When you trust in other people, really incredible and unexpected things can happen. Usually, it’s things where you’re like, “Oh, I didn’t even think of doing that,” or, “Oh, I don’t think that will work out well,” but it actually does. Part of trusting other people might involve letting go of certain images you have of what the outcome should look like. If you can do this, then things can flourish in a really healthy way—like a healthy garden with a lot of different plants growing around each other.
We managed to launch our new website! I’m really proud that we managed to make the time for it, mostly thanks to Anna C’s hard work — she built it as the final project of her apprenticeship. Documenting work from the past three or so years is extremely time-consuming though, so the content is still fairly unfinished.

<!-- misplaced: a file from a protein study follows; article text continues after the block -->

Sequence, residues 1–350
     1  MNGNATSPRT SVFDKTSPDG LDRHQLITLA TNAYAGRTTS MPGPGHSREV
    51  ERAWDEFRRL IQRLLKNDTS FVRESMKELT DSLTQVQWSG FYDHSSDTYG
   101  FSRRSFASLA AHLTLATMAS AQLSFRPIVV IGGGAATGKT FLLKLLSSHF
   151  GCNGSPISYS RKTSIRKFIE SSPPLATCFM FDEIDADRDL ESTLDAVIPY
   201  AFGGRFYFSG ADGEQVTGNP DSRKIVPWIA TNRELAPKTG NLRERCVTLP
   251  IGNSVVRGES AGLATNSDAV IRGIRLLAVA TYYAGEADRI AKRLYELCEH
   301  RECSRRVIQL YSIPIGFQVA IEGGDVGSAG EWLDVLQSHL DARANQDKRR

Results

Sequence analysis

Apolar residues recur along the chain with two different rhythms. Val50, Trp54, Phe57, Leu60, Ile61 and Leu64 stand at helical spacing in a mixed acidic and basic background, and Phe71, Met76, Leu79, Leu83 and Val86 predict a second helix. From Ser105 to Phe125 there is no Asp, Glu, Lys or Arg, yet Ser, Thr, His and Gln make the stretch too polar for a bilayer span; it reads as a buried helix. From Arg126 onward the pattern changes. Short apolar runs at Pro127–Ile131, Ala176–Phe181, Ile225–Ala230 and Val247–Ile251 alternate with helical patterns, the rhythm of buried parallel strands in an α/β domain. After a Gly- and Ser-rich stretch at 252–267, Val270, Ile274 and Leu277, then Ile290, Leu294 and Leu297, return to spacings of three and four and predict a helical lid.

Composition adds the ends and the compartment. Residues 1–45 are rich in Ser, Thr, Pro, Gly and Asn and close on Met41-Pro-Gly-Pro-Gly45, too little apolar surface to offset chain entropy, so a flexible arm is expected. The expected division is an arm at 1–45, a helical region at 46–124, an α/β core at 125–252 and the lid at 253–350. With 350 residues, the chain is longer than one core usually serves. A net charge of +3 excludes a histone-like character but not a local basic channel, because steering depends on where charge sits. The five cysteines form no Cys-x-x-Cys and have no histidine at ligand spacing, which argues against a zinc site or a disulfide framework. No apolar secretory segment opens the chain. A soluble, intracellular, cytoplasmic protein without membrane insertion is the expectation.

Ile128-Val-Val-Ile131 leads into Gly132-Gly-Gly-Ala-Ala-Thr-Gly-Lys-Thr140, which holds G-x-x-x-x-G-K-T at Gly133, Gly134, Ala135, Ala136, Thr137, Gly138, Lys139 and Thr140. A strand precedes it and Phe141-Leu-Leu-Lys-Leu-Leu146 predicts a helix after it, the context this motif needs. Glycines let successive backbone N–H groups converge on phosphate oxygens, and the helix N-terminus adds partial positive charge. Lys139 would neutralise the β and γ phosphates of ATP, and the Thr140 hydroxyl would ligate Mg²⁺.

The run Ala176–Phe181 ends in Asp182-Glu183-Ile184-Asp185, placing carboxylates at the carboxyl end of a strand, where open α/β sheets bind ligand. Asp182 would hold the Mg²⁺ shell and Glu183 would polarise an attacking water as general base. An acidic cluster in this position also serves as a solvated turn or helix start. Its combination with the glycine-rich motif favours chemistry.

It’s designed so we can collect projects into thematic pages that give a bit more of a narrative overview to the work we’ve done. This idea is that this will allow us to highlight the connections and overarching themes between multiple projects, rather than presenting in-depth case studies of each individual project.
I really like this section of the About page on our shared vision. It felt good to articulate what we’re working towards.
We imagine diverse communities rooted in care and reciprocity working together to achieve ecological and social justice. A just, abundant future where people have the tools and confidence to effectively organise themselves; where it’s easy to unionise, start a food co-op or organise a protest. Cooperatively-run workplaces and platforms powered by lightweight, convivial technologies rooted in an ethos of maintenance and care. A resilient global network of local communities with the power to make decisions over their own lives. A world where we’ve learned to live in equilibrium with our environment and in kinship with other humans and more-than-humans.
Reading / listening / watching